Tags: Gold Drops as Dollar Rallies on Ireland Fears

Gold Drops as Dollar Rallies on Ireland Fears

Tuesday, 16 Nov 2010 03:27 PM

Gold prices shed more than 2 percent Tuesday, on track for their biggest three-day loss in nearly a year, as fears over Ireland's fiscal health sent the dollar rallying against the euro, sparking a cross-asset sell-off.

While gold often benefits as a risk-aversion strategy, investors sometimes liquidate positions to cover losses elsewhere in their portfolios.

Gold's drop was similar to a rout on Friday, when it suffered its biggest fall in four months, as precious metals were caught up in near indiscriminate selling across the commodity spectrum rather than suffering from any bullion-specific bearishness.

"There is across-the-board, margin-call type liquidation going on. Investors hit by margin calls know that they can always get liquidity from the gold market to raise capital," said Dennis Gartman, publisher of the investment newsletter The Gartman Letter.

Some investors also ratcheted back their expectations of the Federal Reserve's bond-buyback program to stimulate the economy, after a group of Republican economists and executives called on the Fed to drop its plan to buy $600 billion more in Treasury bonds, Gartman said.

Spot gold fell 2 percent to $1,333.40 an ounce at 12:39 p.m. EST, having earlier set a two-week low at $1,329.45. Bullion has lost more than 5 percent in the past three sessions, its biggest loss since early December.

U.S. December gold futures fell 2.6 percent to $1,333.10 an ounce in heavy volume.

"Gold is a risk asset. We saw that post-Lehman Brothers, when everyone thought gold would benefit and it sold off," said Credit Agricole analyst Robin Bhar.

"People would liquidate, given that they've probably secured good profits in the gold market ... and have taken some money off the table," he said.

Gold, which is still up 22 percent this year, has lost about 4 percent over the past week in the broad sell-off that has knocked copper, crude oil and grains, which have in turn suffered from mounting expectations for more monetary tightening in top raw materials consumer China.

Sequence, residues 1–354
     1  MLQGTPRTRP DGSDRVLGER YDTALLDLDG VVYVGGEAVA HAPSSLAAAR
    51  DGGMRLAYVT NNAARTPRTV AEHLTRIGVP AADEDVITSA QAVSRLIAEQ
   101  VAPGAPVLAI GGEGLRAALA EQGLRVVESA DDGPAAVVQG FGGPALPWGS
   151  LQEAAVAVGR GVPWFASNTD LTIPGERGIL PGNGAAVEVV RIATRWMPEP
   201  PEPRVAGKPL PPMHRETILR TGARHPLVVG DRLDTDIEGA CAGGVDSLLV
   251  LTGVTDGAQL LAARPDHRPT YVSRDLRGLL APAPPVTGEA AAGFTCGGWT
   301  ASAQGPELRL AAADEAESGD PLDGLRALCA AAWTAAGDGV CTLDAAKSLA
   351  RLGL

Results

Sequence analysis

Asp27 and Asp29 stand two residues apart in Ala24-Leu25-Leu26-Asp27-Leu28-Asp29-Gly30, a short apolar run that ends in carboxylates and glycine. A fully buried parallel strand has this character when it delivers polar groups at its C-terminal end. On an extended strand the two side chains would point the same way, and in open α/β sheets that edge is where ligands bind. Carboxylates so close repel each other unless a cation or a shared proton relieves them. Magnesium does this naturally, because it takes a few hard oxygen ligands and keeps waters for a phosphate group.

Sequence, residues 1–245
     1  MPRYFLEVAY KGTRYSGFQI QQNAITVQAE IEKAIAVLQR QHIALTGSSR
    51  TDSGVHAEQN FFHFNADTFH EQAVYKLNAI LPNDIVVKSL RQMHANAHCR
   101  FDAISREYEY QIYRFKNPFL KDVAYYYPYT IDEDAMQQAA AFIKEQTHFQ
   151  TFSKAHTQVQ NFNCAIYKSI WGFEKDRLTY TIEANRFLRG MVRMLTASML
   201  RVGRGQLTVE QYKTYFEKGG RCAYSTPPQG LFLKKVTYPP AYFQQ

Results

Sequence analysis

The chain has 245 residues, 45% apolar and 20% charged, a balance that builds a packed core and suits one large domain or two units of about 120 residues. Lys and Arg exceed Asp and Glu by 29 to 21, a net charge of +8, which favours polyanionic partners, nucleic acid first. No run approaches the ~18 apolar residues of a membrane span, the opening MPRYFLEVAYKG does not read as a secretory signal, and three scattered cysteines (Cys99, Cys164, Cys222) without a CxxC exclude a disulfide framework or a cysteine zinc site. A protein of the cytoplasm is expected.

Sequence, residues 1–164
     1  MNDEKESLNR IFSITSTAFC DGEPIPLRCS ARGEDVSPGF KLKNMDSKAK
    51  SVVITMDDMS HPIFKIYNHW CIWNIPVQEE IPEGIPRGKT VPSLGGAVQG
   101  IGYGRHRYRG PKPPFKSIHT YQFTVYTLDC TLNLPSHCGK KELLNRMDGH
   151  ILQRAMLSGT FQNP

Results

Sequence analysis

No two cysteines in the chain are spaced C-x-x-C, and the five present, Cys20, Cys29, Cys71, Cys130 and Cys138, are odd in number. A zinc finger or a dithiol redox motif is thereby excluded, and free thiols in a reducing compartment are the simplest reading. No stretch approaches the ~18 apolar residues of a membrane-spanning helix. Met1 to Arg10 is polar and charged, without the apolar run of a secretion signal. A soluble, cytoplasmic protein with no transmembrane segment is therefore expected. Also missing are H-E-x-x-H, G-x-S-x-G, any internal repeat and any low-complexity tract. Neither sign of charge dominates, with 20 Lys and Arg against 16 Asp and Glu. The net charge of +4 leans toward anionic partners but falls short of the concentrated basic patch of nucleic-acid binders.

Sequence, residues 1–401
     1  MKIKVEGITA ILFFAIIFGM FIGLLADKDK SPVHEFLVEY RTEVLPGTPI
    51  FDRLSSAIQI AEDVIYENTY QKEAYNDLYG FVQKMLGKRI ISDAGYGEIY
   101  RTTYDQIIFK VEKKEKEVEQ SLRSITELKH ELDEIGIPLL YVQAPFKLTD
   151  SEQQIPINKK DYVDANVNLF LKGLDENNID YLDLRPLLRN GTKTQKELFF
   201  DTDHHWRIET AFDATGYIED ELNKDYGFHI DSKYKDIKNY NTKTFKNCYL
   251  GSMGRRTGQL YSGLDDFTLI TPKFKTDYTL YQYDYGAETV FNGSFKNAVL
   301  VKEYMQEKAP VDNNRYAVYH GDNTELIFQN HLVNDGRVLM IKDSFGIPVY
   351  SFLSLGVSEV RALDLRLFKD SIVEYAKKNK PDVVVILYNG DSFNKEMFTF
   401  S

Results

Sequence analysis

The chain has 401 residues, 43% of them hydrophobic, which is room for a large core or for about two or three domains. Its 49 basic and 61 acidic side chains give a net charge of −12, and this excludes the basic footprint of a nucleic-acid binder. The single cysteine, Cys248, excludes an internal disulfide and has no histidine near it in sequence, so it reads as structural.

Ireland came under intense pressure on Tuesday to request aid over its debt crunch in what the European Council's president called a "survival crisis" for the euro zone and the wider European Union.

European officials were weighing a rescue package of 80 billion to 100 billion euros for Ireland and a separate, smaller bailout for its hard-pressed banking sector, the Wall Street Journal reported on Tuesday.

The euro fell to a seven-week low against the dollar on Tuesday amid heightened worries about a deepening euro zone debt crisis, with losses accelerating after prices broke key support levels.

FUNDS COOL TO GOLD

Coupled with flows out of hard assets was a cooling towards bullion from some of the world's best-known gold bulls.

The most recent quarterly securities filings showed George Soros cut his exposure to gold in the last quarter, along with Eric Mindich.

Billionaire investor Soros may be cutting back on his gold bets, but he says the precious metal still has some kick to it, as long as conditions like low interest rates prevail.

"The conditions for gold are pretty perfect," he said during a speech in Toronto. "The big negative is that too many people know this and a lot of hedge funds are very exposed ... Gold has a tendency to go parabolic," he added, noting its tendency to fall as quickly as it rises.
Spot silver dropped 1.2 percent to $25.12 an ounce.

Platinum and palladium were both down sharply on the day, in line with other metals, ignoring a bullish outlook for the market next year from refiner Johnson Matthey, which said improving supply and demand fundamentals should bring both markets broadly into balance next year.

Platinum fell 1.9 percent to $1,636.74 an ounce. Palladium was down 4.5 percent at $639.47, in its third successive daily decline.

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Gold prices shed more than 2 percent Tuesday, on track for their biggest three-day loss in nearly a year, as fears over Ireland's fiscal health sent the dollar rallying against the euro, sparking a cross-asset sell-off. While gold often benefits as a risk-aversion...
Gold Drops as Dollar Rallies on Ireland Fears
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2010-27-16
Tuesday, 16 Nov 2010 03:27 PM
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